ICE YACHTS
Marina Palma Cuarentena
La Boutique Del Té
Ashore Marine
IPM Group
Absolute Boat Care
Breaking News
Home > Features > Golden Globe Race 2022 – Aleix Selles
Aleix-Selles

Golden Globe Race 2022 – Aleix Selles

Retro-style circumnavigation of the globe.

Aleix-Selles

SPAIN’S BRAVE SKIPPER ALEIX SELLES STARTS THE CHALLENGE ON 4TH SEPTEMBER 2022

When I was asked to interview Aleix Selles and write this article, I have to admit I had never heard of the Golden Globe Race, but once I started looking into it, I was absolutely in awe of the challenge these courageous contestants are taking on. Not least, Aleix himself, as he will be the second-youngest competitor at 34 years old.

The History

This race hails back to 1967 when Francis Chichester returned home to the UK from his solo sail to Australia and back on the Gypsy Moth via the five Great Capes. The journey took him 226 days (excluding a 48-day stopover in Sydney) and set the record for the fastest voyage around the world on a small boat. The Sunday Times provided exclusive coverage of his journey and he was subsequently knighted by Queen Elizabeth II making him a true British hero, but he also unwittingly set the scene for the only remaining challenge – to sail solo NON-STOP around the globe! Hence, The Sunday Times Golden Globe Race was announced in March 1968 with no entry fee or qualification requirements, but the victor would receive a trophy and the handsome sum of £5000! There were just 9 participants in this first-ever GGR and rather sadly, only Robin Knox-Johnston sailing ‘Suhaili’ finished, as the others either sank, retired or committed suicide! Robin admirably donated the prize money to the family of Donald Crowhurst, the competitor who committed suicide, and then went on to receive a knighthood in 1955.

The Race in 2022

Aleix-Selles

Now, the race is being replicated in the same retro-style with no electronic instruments allowed which means no GPS, chart plotters, wind instruments, autopilots, electronic logs, satellite phones, computers, digital cameras, nor music players – not even electronic watches or a water maker! However, the competitors will be tracked 24/7 by satellite as there will be a sealed safety box on-board containing a GPS and satellite phone strictly for emergency use only. If the seal of the box is broken, the competitor will automatically be retired from the race and relegated to the Chichester Class, as if they had made a stop. People joining the race from home will have access to a 24/7 tracker via the website, following the skippers around this big adventure. We will all know where they are except them!

The Design / Specification Rules

There are also very strict rules to ensure the yacht specifications are comparable to Robin Knox-Johnston’s ‘Suhaili’, which was a 32ft ketch designed using plans by William Atkin and built in Bombay, India in 1963. With a net tonnage of 6.29 and a beam of 3.37 metres, the competitors’ vessels must adhere to the following approved designs:

Westsail 32 • Tradewind 35 • Saga 34 • Saltram 36 • Vancouver 32 & 34 • OE 32 • Eric (sister ship to Suhaili) • Aries 32 • Baba 35 • Biscay 36 • Bowman 36 • Cape Dory 36 • Nicholson 32 MKX-XI • Rustler 36 • Endurance 35 • Gaia 36 • Hans Christian 33T • Tashiba 36 • Cabo Rico 34 • Hinckley Pilot 35 • Lello 34 • Gale Force 34.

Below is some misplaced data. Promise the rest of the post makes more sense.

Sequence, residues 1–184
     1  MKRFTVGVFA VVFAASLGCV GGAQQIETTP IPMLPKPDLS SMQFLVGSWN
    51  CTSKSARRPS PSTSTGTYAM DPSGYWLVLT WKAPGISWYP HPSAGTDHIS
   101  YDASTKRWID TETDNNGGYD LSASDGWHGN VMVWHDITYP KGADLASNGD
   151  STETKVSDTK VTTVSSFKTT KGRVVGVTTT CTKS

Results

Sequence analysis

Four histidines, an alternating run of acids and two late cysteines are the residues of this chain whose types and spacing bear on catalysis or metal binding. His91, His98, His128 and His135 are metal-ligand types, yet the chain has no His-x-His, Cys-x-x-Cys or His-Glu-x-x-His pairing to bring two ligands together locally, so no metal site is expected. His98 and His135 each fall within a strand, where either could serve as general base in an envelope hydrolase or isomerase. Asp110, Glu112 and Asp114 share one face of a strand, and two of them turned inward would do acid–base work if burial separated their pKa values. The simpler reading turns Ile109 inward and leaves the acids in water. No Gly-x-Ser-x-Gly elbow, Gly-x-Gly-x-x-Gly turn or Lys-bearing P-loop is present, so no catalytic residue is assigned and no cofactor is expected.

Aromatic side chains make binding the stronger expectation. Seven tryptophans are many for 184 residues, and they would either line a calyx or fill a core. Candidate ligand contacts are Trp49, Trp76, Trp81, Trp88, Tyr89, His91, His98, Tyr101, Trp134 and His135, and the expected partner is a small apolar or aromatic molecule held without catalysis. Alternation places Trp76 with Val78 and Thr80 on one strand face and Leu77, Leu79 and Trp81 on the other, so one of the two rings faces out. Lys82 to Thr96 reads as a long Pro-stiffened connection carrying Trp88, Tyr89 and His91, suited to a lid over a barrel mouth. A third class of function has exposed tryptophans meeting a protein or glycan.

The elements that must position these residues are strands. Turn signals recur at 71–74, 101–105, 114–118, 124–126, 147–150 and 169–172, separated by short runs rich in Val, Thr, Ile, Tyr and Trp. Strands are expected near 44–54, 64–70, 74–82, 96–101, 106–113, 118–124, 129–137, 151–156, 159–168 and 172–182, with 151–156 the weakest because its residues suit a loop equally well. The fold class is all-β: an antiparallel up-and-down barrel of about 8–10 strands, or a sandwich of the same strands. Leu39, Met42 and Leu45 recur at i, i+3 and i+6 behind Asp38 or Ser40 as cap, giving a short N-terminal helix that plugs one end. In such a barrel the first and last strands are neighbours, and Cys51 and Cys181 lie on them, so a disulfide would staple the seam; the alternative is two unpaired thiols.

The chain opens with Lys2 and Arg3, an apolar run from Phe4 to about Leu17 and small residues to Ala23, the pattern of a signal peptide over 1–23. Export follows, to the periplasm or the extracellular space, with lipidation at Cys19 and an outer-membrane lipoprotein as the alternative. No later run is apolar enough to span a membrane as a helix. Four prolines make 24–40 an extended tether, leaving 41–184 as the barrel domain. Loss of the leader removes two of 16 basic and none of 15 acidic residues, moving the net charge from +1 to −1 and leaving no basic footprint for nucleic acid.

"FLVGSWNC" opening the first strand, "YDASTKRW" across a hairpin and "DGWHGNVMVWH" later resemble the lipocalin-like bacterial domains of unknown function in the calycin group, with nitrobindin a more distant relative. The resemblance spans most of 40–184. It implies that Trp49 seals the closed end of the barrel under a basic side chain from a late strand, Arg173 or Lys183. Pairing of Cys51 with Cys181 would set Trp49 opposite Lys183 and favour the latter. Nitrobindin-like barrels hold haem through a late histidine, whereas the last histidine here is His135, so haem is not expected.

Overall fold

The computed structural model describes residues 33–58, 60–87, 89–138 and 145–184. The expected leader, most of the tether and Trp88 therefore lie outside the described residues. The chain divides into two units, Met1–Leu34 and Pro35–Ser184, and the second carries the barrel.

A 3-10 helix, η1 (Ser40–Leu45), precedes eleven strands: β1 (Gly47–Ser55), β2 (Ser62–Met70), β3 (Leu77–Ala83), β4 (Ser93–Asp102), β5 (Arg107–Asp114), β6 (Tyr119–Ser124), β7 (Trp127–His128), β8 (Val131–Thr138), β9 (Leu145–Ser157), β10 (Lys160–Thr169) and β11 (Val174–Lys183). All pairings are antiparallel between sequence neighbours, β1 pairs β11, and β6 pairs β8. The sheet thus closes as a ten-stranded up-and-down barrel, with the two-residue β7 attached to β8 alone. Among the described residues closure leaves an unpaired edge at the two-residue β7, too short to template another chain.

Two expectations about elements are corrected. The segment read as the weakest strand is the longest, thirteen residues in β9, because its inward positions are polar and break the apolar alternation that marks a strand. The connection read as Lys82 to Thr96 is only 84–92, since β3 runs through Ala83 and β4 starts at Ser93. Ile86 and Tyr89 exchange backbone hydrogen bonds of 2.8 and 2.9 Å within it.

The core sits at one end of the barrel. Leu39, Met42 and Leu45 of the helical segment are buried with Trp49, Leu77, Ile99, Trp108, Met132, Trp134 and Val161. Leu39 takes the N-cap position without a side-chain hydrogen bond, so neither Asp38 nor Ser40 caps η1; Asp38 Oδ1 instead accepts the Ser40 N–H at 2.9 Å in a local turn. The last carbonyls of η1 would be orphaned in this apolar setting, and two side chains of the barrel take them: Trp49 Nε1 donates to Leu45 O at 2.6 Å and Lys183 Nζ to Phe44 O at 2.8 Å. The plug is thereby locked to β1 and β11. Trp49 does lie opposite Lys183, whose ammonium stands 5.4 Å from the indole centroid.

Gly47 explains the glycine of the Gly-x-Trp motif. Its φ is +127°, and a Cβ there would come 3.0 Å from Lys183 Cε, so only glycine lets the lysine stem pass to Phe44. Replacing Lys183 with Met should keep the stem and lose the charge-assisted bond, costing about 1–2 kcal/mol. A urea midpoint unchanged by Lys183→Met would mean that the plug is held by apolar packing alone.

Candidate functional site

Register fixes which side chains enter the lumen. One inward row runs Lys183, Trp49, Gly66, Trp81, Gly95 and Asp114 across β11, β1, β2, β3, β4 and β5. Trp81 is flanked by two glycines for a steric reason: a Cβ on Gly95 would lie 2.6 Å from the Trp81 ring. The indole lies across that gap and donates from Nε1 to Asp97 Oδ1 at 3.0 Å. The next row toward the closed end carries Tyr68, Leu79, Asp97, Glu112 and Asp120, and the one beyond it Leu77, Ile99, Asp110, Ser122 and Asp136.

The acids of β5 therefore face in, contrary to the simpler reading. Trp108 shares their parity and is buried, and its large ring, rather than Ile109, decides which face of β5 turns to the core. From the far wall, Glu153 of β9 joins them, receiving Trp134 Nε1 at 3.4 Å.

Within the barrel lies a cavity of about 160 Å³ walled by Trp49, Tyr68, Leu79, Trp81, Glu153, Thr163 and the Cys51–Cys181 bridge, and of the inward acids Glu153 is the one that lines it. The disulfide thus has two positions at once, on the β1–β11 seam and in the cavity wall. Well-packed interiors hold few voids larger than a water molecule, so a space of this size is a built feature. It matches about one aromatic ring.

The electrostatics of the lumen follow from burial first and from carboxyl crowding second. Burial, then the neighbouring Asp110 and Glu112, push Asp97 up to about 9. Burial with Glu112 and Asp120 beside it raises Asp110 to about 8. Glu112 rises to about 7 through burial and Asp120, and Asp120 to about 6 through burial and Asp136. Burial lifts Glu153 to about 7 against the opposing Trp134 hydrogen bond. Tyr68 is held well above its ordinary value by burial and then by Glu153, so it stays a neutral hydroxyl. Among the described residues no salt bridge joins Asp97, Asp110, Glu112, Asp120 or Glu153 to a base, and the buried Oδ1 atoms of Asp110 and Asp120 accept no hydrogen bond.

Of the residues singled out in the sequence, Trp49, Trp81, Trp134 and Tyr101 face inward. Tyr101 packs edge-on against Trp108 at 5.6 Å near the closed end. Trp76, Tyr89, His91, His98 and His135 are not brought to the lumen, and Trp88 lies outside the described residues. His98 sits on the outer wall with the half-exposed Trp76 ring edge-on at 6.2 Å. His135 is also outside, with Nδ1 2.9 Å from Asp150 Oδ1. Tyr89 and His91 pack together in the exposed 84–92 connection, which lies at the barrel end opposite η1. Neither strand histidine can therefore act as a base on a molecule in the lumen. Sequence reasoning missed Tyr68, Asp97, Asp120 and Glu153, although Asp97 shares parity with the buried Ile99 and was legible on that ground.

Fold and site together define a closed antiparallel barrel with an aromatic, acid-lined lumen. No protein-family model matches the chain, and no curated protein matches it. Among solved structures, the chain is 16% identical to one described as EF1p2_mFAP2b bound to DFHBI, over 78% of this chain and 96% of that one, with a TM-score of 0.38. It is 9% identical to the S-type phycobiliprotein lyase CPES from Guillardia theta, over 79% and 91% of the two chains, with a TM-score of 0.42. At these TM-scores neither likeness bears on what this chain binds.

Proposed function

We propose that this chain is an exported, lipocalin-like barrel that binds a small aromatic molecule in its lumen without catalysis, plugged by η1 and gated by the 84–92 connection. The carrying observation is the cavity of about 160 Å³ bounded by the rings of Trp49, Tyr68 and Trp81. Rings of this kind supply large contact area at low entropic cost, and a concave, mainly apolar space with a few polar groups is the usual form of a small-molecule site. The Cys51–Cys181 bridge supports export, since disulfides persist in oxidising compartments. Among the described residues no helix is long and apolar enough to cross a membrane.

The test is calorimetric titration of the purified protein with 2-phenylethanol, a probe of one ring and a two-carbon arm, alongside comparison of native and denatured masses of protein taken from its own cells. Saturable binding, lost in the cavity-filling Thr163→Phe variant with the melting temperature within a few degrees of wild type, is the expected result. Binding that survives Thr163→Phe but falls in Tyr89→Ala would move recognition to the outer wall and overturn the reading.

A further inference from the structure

The following general specifications must also be adhered to:

Must be of fibre-reinforced plastic • Designed prior to 1988 with a minimum series of 20 yachts built from one mould • Hull length of between 32ft and 36ft (Bowsprits, wind vanes, outboard rudders, boomkins, pushpits and pulpits are not measured) • Full-length keels with rudders attached to trailing edge • Minimum design displacement of 6,200kg • no paddlewheel • no exotic materials such as Kevlar, carbon, titanium, etc.

The Interview

Aleix-Selles

So, with all of this information, it is easy to understand why I was fascinated to talk with Aleix to find out more about this intrepid young sailor and his zest for an adventure of this magnitude. We spoke via video as he is currently in Croatia working hard to get his closest companion for the next 8 months, ready for the journey of their lives. Onsoro (the Bodhisattva) is a Rustler ’36 designed in 1984 by Holman & Pye with an overall length of 10.77 metres and a beam of 3.35 metres.

  1. Tell me more about you and your experience with yachts and the sea?

“I discovered sailing at a very young age and started racing at 14 years old and loved how it pushed me to learn more about the wind and sea. I started offshore sailing when I was 16 years old and gradually got into it. I then went on to become a Naval Architect and worked with Juan K for the past 7 years creating some of the most radical yacht designs. It has been a dream of mine to sail around the world and now I am going to be making the dream a reality. I have been involved in a few sailing projects from inshore where you have direct contact with the skipper many times a day, monitoring the weather and route, and you know everything about the boat and the skipper. But the GGR is quite different as there is nothing – just the skippers themselves and the boat to speak and discuss with.”

  1. Would you consider yourself to be a ‘solitario’ because it takes a certain type of person to embark on a journey such as this?

“I enjoy being social and attending social events like anyone else, but I don’t have a problem being by myself. I have never been alone for such a long time – I think the longest was about 2 weeks. Although I am happy in my own company, I find this interesting as I am going to get to know myself on a different level.”

  1. Do you have a partner, children or close family and how do they feel about you embarking on this challenge?

“Yes, I have my partner, Ariadna who is also a Naval Architect and has just opened a new office with Niels Jeppesen, the founder of X-Yachts, which is really exciting for her. I am lucky that she is very understanding and supportive of my dreams and why I want to do this. My family is also supporting me and maybe because they are not related to the sailing industry, they understand a little less what this project means to me, but I know I have their full support.”

  1. Have you been doing any physical training in preparation for what lies ahead?